2.NBT.A.1 Understand that the three digits of a three-digit number represent groups of hundreds, tens, and ones (e.g., 706 equals 7 hundreds, 0 tens, and 6 ones and also equals 70 tens and 6 ones). Understand the following as special cases:
2.NBT.B.7 Demonstrate understanding of addition and subtraction within 1000, connecting objects or drawings to strategies based on place value (including multiples of 10), properties of operations, and/or the relationship between addition and subtraction. Relate the strategy to a written form.
2.MD.A.2 Measure the length of an object twice, using different standard length units for the two measurements; describe how the two measurements relate to the size of the unit chosen. Understand that depending on the size of the unit, the number of units for the same length varies.
2.MD.B.6 Represent whole numbers as lengths from 0 on a number line diagram with equally spaced points corresponding to the numbers 0, 1, 2, …, and represent whole-number sums and differences within 100 on a number line diagram.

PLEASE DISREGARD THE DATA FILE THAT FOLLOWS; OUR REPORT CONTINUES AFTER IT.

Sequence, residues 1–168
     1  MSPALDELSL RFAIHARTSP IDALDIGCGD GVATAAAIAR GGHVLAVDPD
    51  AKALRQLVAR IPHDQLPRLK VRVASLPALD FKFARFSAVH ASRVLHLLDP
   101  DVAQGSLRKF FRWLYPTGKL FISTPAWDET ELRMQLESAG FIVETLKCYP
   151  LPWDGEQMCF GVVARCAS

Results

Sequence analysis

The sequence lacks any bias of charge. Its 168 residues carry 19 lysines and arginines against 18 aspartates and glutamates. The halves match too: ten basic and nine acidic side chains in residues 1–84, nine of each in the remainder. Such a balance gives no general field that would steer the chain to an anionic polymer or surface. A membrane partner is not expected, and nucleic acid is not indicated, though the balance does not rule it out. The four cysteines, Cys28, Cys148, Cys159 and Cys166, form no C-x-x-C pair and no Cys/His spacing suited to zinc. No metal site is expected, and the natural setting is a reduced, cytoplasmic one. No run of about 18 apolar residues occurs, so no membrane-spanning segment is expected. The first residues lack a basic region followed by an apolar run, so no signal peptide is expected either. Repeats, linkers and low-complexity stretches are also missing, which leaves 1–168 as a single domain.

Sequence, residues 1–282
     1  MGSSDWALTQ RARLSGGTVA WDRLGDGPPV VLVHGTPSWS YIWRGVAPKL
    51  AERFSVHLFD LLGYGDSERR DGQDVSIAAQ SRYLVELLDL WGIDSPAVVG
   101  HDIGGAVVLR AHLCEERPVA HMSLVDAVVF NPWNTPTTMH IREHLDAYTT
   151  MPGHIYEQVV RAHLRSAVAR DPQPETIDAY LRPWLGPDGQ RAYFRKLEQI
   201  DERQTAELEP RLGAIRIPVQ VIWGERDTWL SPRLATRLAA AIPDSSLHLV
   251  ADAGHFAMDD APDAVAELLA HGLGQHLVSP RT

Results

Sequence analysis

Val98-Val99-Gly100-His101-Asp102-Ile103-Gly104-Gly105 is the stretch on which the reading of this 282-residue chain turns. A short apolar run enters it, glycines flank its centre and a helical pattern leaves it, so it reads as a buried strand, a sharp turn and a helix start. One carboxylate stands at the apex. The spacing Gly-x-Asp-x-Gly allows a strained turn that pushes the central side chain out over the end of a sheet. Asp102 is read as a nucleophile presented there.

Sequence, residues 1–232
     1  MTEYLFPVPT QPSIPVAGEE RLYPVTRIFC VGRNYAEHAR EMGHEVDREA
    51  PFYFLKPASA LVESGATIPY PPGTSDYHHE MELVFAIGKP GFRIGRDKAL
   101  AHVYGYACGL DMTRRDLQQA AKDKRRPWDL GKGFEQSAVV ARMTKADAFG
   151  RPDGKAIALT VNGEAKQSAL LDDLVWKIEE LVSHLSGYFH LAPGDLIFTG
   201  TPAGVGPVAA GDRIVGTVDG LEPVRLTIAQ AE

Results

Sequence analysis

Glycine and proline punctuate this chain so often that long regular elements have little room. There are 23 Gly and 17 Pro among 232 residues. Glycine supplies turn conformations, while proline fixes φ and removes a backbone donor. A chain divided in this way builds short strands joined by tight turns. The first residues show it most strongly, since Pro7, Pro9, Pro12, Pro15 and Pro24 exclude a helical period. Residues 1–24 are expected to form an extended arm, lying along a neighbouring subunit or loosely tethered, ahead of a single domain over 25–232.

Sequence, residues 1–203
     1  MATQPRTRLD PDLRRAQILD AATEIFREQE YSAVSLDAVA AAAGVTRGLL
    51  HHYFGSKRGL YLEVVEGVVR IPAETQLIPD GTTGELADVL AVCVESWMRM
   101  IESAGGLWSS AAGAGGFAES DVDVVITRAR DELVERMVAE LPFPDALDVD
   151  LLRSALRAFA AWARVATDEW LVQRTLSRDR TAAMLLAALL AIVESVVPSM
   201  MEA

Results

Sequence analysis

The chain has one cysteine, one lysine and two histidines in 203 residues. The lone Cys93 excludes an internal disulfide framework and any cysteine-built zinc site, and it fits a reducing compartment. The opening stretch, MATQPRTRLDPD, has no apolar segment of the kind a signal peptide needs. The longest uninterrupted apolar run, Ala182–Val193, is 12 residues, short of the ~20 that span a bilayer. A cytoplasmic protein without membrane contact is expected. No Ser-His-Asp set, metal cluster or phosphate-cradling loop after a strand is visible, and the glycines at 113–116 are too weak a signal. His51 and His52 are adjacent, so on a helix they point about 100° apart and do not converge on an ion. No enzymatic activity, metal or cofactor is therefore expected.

2.MD.D.9 Generate measurement data by measuring lengths of several objects to the nearest whole unit, or by making repeated measurements of the same object. Show the measurements by making a line plot, where the horizontal scale is marked off in whole-number units.
2.MD.D.10 Draw a picture graph and a bar graph (with single-unit scale) to represent a data set with up to four categories. Solve simple put-together, take-apart, and compare problems using information presented in the graph.
2.G.A.1 Identify and describe specified attributes of two-dimensional and three-dimensional shapes, according to the number and shape of faces, number of angles, and the number of sides and/or vertices. Draw two-dimensional shapes based on the specified attributes (e.g., triangles, quadrilaterals, pentagons, and hexagons).
2.G.A.3 Partition circles and rectangles into two, three, or four equal shares, describe the shares using the words halves, thirds, fourths, half of, third of, fourth of, and describe the whole as two halves, three thirds, or four fourths. Recognize that equal shares of identical wholes need not have the same shape.